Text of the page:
Peel and Core:
In a powerful feat of artistry, Fernando Laposse explores the harsh underbelly of Mexico’s avocado trade

March 27, 2024

By Hannah Martin


          A demure palette of rose, lavender, and ochre belies the dark subject matter of “Conflict Avocados,” Fernando Laposse’s new installation at the National Gallery of Victoria in Melbourne, Australia. Images of destruction are stitched together into a 137-foot-long tapestry, wrapping one gallery of the museum’s Triennial exhibition to tell the shocking story of the fruit. “It’s often seen as this healthy, ethical thing,” explains Laposse, a Mexican designer whose work has explored the commercialization of indigenous corn and agave. “But if you look at everything that has to be destroyed for an avocado to get to you, it’s crazy.”

         Laposse first became interested with the crop in 2019, when he was investigating an interruption to the monarch butterfly’s migration. In Michoacán, Mexico, he learned, forest had been illegally cleared to make way for avocado orchards. When a local environmental activist he planned to interview went missing, Laposse began a deep dive into the history of the popular produce, a phenomenon he likens to the drug trade. “When there’s something that makes so much money, it attracts all sorts of higher-level crime.”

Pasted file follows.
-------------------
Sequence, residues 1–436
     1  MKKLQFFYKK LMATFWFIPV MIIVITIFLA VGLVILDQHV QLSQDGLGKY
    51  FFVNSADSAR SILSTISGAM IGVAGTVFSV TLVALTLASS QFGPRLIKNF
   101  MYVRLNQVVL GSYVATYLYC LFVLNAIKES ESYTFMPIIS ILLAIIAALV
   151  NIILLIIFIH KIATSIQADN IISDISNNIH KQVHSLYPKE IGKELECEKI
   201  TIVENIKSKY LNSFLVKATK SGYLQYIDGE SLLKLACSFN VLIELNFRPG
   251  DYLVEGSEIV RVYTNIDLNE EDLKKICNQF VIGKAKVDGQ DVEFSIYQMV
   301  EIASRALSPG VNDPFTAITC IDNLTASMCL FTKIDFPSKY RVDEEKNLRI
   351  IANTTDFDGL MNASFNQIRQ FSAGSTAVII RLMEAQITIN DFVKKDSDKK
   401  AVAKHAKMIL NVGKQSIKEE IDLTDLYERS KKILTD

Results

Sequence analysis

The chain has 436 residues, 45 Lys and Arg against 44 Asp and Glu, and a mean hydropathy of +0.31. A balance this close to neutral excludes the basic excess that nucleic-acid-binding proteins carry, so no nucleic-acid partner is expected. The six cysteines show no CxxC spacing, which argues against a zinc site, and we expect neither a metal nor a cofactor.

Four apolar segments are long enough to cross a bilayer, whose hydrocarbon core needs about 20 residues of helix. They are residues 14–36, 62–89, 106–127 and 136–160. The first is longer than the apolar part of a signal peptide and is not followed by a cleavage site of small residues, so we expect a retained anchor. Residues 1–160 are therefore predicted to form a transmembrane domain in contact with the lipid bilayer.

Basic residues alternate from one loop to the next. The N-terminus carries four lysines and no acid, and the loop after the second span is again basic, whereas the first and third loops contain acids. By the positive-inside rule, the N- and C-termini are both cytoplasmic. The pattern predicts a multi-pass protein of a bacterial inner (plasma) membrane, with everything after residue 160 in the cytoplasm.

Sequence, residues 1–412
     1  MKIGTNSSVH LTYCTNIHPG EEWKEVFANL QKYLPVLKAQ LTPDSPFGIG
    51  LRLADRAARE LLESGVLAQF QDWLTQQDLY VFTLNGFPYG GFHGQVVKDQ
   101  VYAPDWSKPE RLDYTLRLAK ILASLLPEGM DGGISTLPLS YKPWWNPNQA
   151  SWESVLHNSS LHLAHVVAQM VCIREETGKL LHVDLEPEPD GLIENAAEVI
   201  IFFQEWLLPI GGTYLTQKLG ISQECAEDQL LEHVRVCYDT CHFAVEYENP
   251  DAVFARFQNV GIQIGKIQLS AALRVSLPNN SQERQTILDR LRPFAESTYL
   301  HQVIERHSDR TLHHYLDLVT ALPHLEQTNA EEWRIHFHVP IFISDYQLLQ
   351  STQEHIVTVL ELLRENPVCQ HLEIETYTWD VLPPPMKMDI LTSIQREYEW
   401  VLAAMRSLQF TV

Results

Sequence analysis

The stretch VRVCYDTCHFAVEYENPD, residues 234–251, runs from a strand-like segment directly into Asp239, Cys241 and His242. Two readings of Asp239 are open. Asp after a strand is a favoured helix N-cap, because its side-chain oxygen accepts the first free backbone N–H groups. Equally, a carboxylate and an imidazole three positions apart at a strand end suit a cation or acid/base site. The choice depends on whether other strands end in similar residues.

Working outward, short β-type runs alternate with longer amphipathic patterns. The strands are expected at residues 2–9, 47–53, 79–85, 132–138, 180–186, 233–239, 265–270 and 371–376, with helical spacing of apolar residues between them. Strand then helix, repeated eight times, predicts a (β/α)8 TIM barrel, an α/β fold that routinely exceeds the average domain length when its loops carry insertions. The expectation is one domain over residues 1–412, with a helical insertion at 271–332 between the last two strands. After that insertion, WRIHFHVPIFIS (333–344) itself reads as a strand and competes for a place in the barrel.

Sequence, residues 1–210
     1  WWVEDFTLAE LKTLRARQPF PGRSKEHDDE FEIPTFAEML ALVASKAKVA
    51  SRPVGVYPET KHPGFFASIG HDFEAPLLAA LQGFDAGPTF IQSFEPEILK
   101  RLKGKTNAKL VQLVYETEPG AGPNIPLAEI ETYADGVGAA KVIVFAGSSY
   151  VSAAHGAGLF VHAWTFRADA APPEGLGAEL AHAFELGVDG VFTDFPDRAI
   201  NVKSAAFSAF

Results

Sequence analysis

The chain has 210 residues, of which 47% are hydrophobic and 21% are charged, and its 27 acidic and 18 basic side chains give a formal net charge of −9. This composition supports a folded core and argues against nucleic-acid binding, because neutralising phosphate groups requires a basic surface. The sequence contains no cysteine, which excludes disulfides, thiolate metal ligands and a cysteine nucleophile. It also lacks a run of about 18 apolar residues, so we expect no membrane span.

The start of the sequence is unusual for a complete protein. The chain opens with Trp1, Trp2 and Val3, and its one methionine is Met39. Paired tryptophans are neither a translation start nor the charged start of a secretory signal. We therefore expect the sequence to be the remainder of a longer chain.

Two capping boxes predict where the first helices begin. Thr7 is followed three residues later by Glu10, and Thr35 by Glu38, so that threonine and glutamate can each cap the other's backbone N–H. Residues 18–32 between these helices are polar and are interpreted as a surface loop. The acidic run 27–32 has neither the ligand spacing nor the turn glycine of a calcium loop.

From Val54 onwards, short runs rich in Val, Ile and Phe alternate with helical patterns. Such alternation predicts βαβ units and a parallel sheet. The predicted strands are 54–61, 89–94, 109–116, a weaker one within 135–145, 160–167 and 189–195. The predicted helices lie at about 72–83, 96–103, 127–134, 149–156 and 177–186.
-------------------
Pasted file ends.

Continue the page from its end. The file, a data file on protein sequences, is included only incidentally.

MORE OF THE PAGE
Fueled by an insatiable year-round demand for guacamole, the avocado has become what Laposse calls “green gold,” growing fast and yielding skyrocketing profits. It has brought a string of violence to agricultural regions—some of it at the hands of cartels that have embraced the business as a means to make and launder money. All the while, that trade has reduced biodiversity, as varieties like Hass, which travel well, are prioritized.

          Dyed using avocado waste from a guacamole vendor near his studio—and a touch of marigold—Laposse’s tapestry depicts fights, protests, headlines, and even smartphones bearing the recipes that have powered the market. Several residents and activists from Cherán, a town that has resisted the agricultural trend, appear in the textile as well as The Avocado Legacy, Laposse’s accompanying documentary. A chaise longue wrapped in the same fabrics and a cabinet clad in beeswax-coated avocado skins are also on view. “It’s not just about the avocado,” says Laposse. “It’s about being aware of the cost to the environment and to its people for a fruit—or anything else—to be delivered to you in record time.” Through April 7; 


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